He has the bling: the Ed Hardy sunglasses with rhinestones, the silver-chain bracelet with the jeweled skull, the square diamond earring.
But Keithen McCant is especially proud of the gold-and-diamond ring on his pinky finger. The hulking, 6-foot-2 former Husker quarterback, who helped bring the team a Big Eight Conference championship in 1991, raises his hand in a wave as he walks into the Valentino’s at 35th and Holdrege streets.
The ring glints in the midafternoon light from the window, clinks against the water glass and table. Even on McCant's large hand, it fills the entire lower part of his finger, snug between his knuckles.
“(The ring) is home now,” he says in a low voice, smiling slowly.
He came to the trademark Lincoln pizza place Saturday to personally thank the man who reunited him with his now-prized possession. The man who sent him a Facebook message beginning with "I think I have your championship ring and I'd like to get it back to you."
In the early years after NU's league championship, McCant would sometimes slide the ring off his finger and stash it somewhere he figured he'd remember. He doesn't remember when he realized it was missing, but he still recalls the heavy feeling when he thought he'd never see it again.
Enter Ryan Anderson.
Growing up in Omaha, Ryan and his brother, Colin, were used to hearing about their father's prized thrift shop finds. The ring was just one of dozens of Ric Anderson's stories.
He told them about the dusty duffle bag that he’d brought home, only to discover a ring box stuffed down in one of the pockets. The ring had a red N on it and a name that didn’t mean much to Ric, who’d always been more into finding good deals than following local football heroes.
As 27-year-old Ryan talked about his father, McCant wrapped his arm around his 10-year-old son, Noah.
Ric died of liver cancer just a month ago. It wasn’t until his sons were going through his belongings that they found the ring tucked in the corner of a drawer.
“We thought it had to be a replica,” Ryan said.
A quick Google search pulled up McCant’s Facebook page, and Ryan typed a message, not expecting to hear back.
Some 630 miles away, the 46-year-old McCant was jumping up and down.
“I just kept thinking, is this guy messing with me?” McCant said. “Then I looked at my wife and was like, ‘He’s got my ring, babe. He’s really got it.'”
Within a minute of reading the message, McCant dialed Ryan’s number. Twenty-four hours later, the ring was in an overnight package on McCant’s front stoop in McKinney, Texas. He wasn’t willing to wait the two weeks until his visit to Nebraska.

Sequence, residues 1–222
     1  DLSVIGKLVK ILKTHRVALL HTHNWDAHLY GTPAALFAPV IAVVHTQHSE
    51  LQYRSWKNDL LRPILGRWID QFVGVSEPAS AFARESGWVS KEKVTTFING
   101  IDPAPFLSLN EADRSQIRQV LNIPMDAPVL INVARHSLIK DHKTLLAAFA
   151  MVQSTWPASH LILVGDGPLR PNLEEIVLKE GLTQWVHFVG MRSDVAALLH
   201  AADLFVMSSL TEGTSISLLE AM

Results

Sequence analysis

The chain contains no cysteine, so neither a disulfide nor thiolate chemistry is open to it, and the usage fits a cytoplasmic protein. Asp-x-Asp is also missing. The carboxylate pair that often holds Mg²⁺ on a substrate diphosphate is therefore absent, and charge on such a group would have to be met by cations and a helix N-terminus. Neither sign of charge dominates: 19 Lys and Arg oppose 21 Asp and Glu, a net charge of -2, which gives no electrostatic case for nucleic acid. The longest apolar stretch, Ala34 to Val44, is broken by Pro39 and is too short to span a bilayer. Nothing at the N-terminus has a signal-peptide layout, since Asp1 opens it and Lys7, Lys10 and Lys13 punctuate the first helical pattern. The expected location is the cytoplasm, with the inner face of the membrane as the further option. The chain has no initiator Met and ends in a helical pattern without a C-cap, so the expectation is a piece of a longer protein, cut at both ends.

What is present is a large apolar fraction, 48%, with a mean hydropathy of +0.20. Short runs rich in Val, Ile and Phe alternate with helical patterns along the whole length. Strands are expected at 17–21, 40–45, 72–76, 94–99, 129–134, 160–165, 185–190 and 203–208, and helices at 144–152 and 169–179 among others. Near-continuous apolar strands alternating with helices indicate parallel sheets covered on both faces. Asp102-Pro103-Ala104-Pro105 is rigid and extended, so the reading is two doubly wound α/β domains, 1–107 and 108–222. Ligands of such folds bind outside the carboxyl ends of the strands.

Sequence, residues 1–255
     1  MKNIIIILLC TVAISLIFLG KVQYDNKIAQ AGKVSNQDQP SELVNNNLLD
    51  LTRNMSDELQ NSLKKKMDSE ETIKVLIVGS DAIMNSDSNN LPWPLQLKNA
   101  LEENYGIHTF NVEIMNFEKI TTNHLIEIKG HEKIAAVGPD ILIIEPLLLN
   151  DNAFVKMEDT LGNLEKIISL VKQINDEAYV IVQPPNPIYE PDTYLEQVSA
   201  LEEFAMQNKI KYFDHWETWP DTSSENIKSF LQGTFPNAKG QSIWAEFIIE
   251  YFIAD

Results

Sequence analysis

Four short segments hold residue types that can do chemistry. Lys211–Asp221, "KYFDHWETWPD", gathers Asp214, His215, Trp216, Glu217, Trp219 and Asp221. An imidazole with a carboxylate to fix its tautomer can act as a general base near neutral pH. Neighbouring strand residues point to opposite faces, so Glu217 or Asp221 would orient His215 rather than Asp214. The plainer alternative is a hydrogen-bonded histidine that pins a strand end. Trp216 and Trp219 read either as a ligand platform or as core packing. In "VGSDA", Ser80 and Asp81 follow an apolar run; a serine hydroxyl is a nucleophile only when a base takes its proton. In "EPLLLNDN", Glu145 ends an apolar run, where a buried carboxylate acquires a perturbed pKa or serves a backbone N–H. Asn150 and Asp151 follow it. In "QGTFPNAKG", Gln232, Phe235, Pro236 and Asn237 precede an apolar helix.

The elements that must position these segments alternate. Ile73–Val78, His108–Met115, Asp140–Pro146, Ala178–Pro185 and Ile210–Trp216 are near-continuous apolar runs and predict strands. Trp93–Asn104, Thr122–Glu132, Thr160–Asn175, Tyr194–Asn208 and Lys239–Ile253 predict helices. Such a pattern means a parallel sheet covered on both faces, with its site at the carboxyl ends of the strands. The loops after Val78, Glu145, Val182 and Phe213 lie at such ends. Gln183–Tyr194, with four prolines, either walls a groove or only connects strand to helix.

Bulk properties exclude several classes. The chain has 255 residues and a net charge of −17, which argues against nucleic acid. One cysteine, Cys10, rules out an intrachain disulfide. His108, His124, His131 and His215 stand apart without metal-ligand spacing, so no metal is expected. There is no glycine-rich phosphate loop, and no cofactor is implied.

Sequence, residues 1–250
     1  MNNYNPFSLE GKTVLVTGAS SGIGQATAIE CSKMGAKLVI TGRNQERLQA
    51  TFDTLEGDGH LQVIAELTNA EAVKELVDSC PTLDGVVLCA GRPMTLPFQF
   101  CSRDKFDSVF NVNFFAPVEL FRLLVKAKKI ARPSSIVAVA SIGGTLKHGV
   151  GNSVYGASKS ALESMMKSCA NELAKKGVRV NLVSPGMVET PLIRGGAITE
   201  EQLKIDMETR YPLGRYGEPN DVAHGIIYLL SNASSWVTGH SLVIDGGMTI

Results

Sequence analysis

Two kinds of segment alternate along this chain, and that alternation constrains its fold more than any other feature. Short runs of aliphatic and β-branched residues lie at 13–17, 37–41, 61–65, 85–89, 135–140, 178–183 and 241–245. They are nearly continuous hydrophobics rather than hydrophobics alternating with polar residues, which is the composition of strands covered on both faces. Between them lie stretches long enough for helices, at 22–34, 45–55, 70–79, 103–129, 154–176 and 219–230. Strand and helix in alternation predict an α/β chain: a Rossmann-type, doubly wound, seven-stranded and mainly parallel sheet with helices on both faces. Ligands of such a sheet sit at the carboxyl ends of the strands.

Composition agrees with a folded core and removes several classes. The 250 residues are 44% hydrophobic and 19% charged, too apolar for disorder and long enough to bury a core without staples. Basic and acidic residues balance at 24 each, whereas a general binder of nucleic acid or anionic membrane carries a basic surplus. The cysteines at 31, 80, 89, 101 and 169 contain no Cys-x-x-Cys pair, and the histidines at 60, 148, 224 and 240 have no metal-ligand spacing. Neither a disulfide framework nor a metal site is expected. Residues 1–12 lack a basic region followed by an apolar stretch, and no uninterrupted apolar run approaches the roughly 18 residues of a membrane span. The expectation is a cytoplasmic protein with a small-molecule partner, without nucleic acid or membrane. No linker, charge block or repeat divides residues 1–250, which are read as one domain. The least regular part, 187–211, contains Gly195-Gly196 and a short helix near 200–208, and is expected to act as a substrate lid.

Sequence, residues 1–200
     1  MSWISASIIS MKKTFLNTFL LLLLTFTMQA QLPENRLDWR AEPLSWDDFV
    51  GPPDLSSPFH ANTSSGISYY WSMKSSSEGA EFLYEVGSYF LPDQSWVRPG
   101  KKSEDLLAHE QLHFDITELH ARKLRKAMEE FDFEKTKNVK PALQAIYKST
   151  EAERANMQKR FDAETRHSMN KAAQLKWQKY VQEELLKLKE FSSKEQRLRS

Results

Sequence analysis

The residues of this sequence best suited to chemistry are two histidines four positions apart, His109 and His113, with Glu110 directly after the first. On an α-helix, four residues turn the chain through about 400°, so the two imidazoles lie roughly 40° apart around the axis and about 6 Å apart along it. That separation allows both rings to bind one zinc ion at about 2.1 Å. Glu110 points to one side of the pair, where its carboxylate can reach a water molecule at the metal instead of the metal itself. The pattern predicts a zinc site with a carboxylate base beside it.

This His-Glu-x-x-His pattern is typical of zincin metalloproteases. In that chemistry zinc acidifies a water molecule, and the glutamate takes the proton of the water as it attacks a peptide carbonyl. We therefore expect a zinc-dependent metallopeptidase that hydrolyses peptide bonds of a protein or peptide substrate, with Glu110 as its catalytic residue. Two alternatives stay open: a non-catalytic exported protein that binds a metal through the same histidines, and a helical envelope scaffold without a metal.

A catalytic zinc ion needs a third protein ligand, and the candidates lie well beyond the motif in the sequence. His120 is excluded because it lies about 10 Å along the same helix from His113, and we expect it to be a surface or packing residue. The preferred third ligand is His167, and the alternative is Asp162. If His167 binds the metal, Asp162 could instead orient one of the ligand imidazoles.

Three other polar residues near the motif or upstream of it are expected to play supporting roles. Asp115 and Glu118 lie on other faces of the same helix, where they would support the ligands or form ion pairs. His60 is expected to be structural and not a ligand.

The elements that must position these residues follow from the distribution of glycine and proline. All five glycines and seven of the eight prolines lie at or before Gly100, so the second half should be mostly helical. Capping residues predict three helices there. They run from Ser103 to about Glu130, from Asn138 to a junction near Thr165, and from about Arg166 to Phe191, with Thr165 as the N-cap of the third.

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“I was like a little kid on Christmas when I got that box,” McCant said. He reached out and gripped Ryan’s shoulder. “You don’t even know.”
McCant and Noah opened the box together.
“His face when he saw that ring,” McCant said. “He was just like, ‘Someday that’s going to be mine.’ Now I can pass it along to him.”
With his slice of pizza in hand, Noah corrected his dad.
“But I want my own ring,” he said, peering from under his Nebraska flat-bill cap. “Just like that one, but mine will say wide receiver.”
Before leaving the restaurant, Noah sat on his knees in a booth, reaching over the table to scrawl his signature on a poster a 17-year-old brought up to him.
If the red N's in his bedroom — on the headboard, the comforter, the mirror and the trash can — are any indication, Noah is a true Husker fan. Before his first Nebraska game Saturday, he asked his dad if he could meet Tom Osborne. On their tour of the stadium, a lanky silhouette walked up to the father and son.
“Keithen?” Osborne asked.
“Hey, Coach,” McCant said, his son standing at his hip, looking up wide-eyed at the man he’d heard so much about.
But that wasn’t even the best part for Noah. Walking out on the turf of Memorial Stadium was a feeling that he said he hopes to have again someday, when he’s wearing his own Husker jersey.
McCant said he couldn’t be prouder of his son’s loyalty to a team and state with strong values.
“Nebraskans are just so great — they are good, honest and down-to-earth people,” he said. “These guys are the perfect examples,” he said, gesturing toward Ryan and Colin. “So many people would have turned around and pawned the ring."
The two fought embarrassed smiles.
“That wasn’t even a thought in our mind,” Ryan said to McCant. “You earned it and you deserved to have it back."
Colin nodded. “Our dad just taught us to do the right thing,” he said.
“He obviously did,” McCant said. “And you guys certainly did it.”